Having seen Craig-Martin’s radical approach to coordinating the Royal Academy Summer Exhibition last year, we were especially excited to visit his solo show at the Serpentine Gallery – the first of his work in a public London arts space since 1989.
Transience did not disappoint. Even the gallery walls boast dazzling colour and exciting graphics. As for Craig-Martin’s work itself, the vast range on display includes pieces created in the 1980s through to some produced as recently as 2015. This extensive timespan provides a record of how technology has evolved, showing advancements in computing, and how culture has become more and more reliant on digital products.
Various Installation Views, Transience, Michael Craig-Martin, Serpentine Gallery
The earliest piece on show was created in 1981, the same year as the first portable computer was made available to the public. In stark contrast, the most recent paintings depict items such as the latest iPhone and Mac. It is therefore easy to see Transience as a visual timeline of the development of the role of technology in popular culture.
Eye of the Storm, 2003; Biding Time (magenta), 2004, Michael Craig-Martin
Craig-Martin captures everyday items in their simplest forms, depicting each in a palette of vivid colours with solid, black outlines. Many of the subjects in these pieces are now obsolete, or appear outdated, providing the viewer with the opportunity to reflect on how day-to-day life has changed as product design advances along with the needs and wants of the consumer.
Untitled (watch), Michael Craig-Martin, 2015
Transience seeks to highlight how products that would once have been a familiar sight are now distinctly old-fashioned, and emphasises how continuous innovation brought on by the digital age is the culprit for a revolution in how we now interact and communicate.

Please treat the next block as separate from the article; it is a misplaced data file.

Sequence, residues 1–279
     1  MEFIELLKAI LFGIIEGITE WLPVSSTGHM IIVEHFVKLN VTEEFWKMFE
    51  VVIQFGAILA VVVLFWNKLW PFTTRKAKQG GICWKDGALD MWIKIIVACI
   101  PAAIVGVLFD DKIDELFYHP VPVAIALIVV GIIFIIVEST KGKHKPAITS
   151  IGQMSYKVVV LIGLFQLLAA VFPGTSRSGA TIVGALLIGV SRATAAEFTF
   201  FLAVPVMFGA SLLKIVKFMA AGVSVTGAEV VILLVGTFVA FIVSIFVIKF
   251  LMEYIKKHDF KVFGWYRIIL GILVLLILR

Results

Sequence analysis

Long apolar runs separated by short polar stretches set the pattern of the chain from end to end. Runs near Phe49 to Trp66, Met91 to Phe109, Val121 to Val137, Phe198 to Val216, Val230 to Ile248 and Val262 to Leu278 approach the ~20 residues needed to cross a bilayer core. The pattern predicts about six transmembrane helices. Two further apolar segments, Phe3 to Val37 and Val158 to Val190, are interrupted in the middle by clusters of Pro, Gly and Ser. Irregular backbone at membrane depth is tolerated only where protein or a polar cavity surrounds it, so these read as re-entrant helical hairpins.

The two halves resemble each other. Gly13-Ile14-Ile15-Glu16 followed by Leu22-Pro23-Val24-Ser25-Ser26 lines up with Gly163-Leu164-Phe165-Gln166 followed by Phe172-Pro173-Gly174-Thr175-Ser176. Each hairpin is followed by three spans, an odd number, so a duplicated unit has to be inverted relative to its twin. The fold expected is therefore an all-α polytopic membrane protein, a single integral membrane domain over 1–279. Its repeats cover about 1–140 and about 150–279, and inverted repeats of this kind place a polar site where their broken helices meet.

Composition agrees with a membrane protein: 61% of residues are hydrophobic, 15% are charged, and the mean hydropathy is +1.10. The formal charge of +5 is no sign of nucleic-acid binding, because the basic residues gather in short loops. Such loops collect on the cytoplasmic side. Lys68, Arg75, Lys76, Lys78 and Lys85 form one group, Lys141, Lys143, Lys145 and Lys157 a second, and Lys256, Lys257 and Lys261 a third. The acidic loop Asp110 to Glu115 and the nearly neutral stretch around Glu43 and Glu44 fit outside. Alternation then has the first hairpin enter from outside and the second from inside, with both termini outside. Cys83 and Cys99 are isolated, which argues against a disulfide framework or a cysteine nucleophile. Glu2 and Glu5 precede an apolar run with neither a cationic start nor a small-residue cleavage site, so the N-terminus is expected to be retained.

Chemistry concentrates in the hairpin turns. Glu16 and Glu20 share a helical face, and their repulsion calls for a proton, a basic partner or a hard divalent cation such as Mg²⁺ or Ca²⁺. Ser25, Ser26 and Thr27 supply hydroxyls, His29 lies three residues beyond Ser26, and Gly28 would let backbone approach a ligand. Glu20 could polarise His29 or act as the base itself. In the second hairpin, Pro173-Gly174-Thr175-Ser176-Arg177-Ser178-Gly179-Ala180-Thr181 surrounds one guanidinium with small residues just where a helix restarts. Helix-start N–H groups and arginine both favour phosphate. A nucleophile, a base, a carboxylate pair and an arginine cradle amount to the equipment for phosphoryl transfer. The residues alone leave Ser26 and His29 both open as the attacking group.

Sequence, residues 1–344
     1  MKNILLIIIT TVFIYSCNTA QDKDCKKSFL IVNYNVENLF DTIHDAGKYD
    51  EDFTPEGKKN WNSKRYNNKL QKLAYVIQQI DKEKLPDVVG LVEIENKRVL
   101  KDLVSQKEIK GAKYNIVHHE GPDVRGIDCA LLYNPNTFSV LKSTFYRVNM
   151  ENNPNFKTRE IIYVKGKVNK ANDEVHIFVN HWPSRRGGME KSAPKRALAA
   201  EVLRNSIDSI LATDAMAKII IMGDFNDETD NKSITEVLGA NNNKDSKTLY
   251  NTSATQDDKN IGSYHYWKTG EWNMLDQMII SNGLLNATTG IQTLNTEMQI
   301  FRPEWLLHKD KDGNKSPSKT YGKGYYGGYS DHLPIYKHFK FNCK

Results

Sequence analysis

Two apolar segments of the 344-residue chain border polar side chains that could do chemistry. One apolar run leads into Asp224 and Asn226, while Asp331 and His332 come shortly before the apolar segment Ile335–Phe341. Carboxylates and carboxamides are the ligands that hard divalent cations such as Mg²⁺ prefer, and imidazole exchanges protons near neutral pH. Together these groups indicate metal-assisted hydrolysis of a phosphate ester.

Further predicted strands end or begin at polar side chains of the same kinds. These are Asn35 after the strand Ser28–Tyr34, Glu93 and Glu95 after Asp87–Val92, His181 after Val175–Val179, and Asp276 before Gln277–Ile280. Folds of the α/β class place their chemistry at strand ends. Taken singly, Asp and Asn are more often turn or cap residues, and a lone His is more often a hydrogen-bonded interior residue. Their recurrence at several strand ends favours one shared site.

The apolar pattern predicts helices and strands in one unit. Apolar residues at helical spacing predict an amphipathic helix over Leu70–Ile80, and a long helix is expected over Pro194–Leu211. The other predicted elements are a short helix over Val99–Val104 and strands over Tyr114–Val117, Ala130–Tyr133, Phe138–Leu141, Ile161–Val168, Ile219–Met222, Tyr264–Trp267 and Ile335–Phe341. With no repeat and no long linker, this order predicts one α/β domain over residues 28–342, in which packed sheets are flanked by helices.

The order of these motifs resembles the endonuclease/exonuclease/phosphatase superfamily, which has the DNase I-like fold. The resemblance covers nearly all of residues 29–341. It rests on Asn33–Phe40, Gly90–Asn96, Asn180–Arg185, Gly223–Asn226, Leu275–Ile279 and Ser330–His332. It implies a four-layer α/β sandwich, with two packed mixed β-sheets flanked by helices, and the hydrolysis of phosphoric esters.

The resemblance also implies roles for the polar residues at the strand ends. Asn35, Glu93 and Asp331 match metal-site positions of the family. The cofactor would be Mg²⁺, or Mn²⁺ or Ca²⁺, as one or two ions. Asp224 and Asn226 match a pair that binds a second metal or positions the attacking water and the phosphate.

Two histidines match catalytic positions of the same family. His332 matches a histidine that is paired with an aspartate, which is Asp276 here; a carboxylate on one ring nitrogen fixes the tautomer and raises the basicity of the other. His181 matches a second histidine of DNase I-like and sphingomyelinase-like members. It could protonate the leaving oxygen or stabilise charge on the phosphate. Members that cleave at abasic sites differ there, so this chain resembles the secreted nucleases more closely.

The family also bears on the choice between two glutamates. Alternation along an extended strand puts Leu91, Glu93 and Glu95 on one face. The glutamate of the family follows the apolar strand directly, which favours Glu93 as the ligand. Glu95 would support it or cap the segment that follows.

Vertigo, 1981; Untitled (smoke alarm), 2014; Untitled (hotel door handle), 2014; Untitled (light bulb), 2014, Michael Craig-Martin
While some pieces are mounted directly onto the Serpentine Gallery’s pristine walls, others are displayed on seamless wallpaper designed by Craig-Martin especially for this exhibition. Printed in Austria to fit the exact dimensions of the gallery space, this wallpaper depicts objects familiar to Craig-Martin’s paintings and drawings. Each item does not overlap or obscure its neighbouring motifs, instead the outlines just touch, creating the illusion that they are somehow balancing on top of each other.
Untitled (Self Portrait No.6), Michael Craig-Martin, 2005
It is especially intriguing to see how objects to which one may attribute little value or importance, have become an example of great innovations in design. For example, the lightbulb – a simple object which serves only one purpose – has undergone many developments to improve its power, lifetime and efficiency since its invention. This is highlighted in Craig-Martin’s work which provides an insight into the significance of design in transforming something simply functional into an object with aesthetic value.
Lightbulb (magenta), Michael Craig-Martin, 2015 / Photo credit: Jerry Hardman-Jones
Michael Craig-Martin’s work is not only shown within the gallery space, it spills out into Kensington Gardens. Shown above is an example of Craig-Martin’s sculpture; minimal in style, this eye-catching, vibrantly coloured outline contrasts with the surrounding green park life. Lightbulb (magenta) is the first piece we saw before entering the Serpentine Gallery and hints at the brilliant display of artwork on show inside.